The SDF‐1 proteins are stromal‐derived CXC chemokines that signal primarily through the CXCR4 receptor. SDF‐1 proteins exert chemotactic activity over a broad range of immune system cell types and may also be involved in other processes including metastasis of certain cancers, inflammation, and angiogenesis. Additionally, SDF‐1 can suppress HIV entry into cells expressing the CXCR4 receptor. Five isomers of SDF‐1 have been found with SDF‐1α being the predominant form, expressing in a wide range of cell types. The SDF‐1γ isoform is distinctive in that it contains a highly basic C‐terminal region, which presumably is the reason for its high binding affinity to gylcosaminoglycans (GAG) and heparin sulfate (HS). Consequently, most of SDF‐1γ exists in a cell‐ and membrane‐bound form, which confers greater stability compared to other isoforms via increased resistance to proteolytic degradation. SDF‐1γ binds with reduced affinity to the CXCR4 receptor when compared to the α and β isoforms, but because of its increased stability can, over time, exert equal or greater activity when compared to other SDF‐1 isoforms. SDF‐1γ expression has been found primarily in the heart (human and mouse) and in the brain and central nervous system (rat). Recombinant Human SDF‐1γ (CXCL12) is an 11.6 kDa protein containing 98 amino acid residues.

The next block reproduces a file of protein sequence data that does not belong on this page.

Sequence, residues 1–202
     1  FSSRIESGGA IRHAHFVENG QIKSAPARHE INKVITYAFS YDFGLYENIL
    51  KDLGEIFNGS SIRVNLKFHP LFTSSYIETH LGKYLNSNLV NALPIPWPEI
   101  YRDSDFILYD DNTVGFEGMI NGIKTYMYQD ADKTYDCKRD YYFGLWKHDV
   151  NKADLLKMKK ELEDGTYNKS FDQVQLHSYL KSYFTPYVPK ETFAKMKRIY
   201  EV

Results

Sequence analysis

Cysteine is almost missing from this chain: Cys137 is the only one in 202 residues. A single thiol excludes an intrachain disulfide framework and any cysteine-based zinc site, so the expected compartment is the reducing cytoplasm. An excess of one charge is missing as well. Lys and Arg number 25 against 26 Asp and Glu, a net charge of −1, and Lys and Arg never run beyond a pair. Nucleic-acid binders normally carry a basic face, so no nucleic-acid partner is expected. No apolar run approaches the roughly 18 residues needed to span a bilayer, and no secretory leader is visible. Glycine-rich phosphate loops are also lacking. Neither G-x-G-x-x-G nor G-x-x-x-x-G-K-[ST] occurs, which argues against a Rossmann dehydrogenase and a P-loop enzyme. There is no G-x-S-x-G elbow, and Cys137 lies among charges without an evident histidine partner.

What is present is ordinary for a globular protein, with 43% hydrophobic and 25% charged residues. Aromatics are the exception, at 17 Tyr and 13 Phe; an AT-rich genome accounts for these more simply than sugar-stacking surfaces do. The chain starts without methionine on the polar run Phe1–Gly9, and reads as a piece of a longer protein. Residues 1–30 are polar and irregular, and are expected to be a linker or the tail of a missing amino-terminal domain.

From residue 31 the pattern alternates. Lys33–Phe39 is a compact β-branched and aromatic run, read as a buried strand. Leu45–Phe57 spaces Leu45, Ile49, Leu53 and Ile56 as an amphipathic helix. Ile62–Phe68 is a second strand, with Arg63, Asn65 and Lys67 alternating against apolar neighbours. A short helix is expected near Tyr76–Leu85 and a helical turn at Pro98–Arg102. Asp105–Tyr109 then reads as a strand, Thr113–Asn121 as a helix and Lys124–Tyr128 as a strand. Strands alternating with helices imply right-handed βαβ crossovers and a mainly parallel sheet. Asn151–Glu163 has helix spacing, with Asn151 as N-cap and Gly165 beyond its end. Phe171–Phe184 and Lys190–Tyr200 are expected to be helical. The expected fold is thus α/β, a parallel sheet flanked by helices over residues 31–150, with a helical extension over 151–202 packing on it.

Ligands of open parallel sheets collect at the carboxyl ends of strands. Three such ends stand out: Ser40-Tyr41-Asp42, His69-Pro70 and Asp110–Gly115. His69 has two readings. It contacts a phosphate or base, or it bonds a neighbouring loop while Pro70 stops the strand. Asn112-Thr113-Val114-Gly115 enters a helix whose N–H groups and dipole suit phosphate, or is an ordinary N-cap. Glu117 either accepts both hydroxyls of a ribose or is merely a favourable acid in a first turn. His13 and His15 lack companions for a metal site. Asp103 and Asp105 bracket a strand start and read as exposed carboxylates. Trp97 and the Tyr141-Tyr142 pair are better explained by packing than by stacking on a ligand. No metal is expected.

Stromal-Cell Derived Factor-1, PBSF
KPVSLSYRCP CRFFESHVAR ANVKHLKILN TPNCALQIVA RLKNNNRQVC IDPKLKWIQE YLEKALNKGR REEKVGKKEK IGKKKRQKKR KAAQKRKN
≥ 98% by SDS-PAGE gel and HPLC analyses.
Determined by its ability to chemoattract human T cells.
Calculated Molecular Weight:
Endotoxin level is < 0.1 ng/ug of protein (< 1 EU/ug)
Not for human use.